Examining Gender Diversity in General Cardiology and Its Impact on Readmissions

According to a study presented at the American College of Cardiology 71st Annual Scientific Session & Expo by primary investigator Anna Scandinaro and colleagues, “13% of practicing adult cardiologists and 23% of current general cardiology fellows in the United States are women.” The investigators sought to define the contribution of female cardiologists to quality metrics in the US healthcare system, such as readmissions.

Based on their findings, the study’s collaborators concluded that “at a county level, a higher proportion of female general cardiologists correlates with reduced rates of hospital readmissions for [heart failure (HF)], [myocardial infarction (MI)], and [coronary artery bypass (CABG)].”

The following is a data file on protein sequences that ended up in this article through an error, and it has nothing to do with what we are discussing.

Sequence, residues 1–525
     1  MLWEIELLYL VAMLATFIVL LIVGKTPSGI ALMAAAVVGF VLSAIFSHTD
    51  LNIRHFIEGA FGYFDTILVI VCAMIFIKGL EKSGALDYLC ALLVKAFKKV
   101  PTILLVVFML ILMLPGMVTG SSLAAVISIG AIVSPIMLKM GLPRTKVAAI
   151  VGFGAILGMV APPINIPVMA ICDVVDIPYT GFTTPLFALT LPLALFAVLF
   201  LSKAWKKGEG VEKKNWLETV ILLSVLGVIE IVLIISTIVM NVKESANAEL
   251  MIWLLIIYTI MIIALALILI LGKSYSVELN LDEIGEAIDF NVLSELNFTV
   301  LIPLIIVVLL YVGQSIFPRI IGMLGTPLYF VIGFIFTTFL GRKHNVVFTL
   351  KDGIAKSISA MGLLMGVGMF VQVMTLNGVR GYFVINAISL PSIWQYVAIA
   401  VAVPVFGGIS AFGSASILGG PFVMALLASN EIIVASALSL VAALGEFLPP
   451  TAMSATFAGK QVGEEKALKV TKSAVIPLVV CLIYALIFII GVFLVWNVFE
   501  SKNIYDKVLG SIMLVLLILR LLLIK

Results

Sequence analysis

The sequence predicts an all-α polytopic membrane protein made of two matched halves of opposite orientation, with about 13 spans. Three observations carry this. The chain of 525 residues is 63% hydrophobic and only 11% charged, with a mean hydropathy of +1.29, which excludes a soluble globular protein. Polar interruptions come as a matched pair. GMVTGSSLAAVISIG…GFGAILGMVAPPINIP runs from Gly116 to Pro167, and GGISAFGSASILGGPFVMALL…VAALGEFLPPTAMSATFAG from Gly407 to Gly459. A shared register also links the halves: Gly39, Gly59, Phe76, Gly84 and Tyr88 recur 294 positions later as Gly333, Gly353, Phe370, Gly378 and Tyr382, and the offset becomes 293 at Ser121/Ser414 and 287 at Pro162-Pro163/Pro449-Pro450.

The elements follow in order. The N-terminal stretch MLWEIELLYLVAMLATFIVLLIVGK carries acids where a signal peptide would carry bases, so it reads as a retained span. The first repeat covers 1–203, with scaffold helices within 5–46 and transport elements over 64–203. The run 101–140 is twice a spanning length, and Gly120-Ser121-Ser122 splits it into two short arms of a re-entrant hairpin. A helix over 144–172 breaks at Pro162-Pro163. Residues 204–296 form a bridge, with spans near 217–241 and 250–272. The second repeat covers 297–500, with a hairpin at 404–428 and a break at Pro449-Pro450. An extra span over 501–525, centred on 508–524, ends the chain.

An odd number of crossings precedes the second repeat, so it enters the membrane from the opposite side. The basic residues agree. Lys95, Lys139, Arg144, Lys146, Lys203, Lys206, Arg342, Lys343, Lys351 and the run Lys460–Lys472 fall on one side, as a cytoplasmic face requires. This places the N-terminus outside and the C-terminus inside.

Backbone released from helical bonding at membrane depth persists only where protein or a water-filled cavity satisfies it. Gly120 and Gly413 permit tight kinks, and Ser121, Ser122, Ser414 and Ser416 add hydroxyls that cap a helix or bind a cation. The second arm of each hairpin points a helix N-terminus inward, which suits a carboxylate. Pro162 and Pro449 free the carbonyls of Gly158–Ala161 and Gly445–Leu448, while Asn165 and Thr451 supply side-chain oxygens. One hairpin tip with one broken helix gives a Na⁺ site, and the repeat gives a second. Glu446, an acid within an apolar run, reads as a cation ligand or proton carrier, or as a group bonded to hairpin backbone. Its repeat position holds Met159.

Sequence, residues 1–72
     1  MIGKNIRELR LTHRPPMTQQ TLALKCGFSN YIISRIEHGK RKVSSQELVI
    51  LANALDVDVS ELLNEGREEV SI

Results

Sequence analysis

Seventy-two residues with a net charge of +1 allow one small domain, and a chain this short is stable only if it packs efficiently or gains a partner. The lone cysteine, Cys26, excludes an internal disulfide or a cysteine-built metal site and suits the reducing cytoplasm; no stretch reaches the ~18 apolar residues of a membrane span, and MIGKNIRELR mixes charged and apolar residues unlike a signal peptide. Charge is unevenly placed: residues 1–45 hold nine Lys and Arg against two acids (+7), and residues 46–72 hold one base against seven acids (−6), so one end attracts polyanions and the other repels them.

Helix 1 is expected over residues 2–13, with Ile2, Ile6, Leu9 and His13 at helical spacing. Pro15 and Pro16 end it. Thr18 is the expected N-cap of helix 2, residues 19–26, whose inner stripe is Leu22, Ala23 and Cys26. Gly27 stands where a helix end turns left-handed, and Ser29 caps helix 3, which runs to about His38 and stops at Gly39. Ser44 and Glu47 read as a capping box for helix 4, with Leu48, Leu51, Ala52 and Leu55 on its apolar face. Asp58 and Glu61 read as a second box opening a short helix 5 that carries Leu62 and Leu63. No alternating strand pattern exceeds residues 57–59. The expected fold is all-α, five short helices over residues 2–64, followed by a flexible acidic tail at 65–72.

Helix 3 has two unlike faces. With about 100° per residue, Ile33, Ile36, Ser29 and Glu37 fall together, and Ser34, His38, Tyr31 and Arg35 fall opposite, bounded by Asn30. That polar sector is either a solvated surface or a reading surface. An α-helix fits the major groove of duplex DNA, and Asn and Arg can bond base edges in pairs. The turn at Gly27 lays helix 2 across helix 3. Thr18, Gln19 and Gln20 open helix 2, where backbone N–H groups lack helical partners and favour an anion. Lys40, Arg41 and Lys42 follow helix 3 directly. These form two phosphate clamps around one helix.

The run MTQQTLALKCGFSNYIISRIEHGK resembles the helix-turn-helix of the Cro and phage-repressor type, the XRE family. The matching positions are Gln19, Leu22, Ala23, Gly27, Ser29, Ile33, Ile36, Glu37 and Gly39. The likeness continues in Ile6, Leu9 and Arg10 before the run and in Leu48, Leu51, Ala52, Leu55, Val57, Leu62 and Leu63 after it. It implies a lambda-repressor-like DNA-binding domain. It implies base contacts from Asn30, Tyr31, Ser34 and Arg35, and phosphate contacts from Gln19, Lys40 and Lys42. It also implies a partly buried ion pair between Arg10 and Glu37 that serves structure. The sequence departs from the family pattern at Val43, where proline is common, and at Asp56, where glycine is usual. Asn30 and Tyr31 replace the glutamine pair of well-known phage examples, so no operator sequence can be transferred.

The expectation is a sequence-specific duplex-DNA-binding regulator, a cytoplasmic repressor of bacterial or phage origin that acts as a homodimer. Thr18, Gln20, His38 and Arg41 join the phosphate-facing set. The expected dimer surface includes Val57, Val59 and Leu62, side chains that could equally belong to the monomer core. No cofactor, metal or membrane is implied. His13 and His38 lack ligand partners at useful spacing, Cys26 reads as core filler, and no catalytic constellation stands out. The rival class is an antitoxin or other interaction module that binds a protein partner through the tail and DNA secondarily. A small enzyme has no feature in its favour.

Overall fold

The study used compiled Centers for Medicare & Medicaid Services (CMS) registry data on billing providers and hospital readmission rates for HF, MI, and CABG. The authors calculated the ratio of hospital readmissions to discharges, with the factor of interest being the proportion of female general cardiologists in the associated county.

Scandinaro and colleagues reported that counties with a higher proportion of female general cardiologists had reduced combined readmission rates for the three indications. They added that this correlation was maintained in separate analyses of each indication’s individual readmissions. Finally, the authors noted that the model overall “explained minimal variability in readmission rates across hospitals (Multiple R2 = 0.0121).”

Ultimately, the investigators advanced that “further research is needed to understand the impact of female cardiologist representation on patient outcomes.”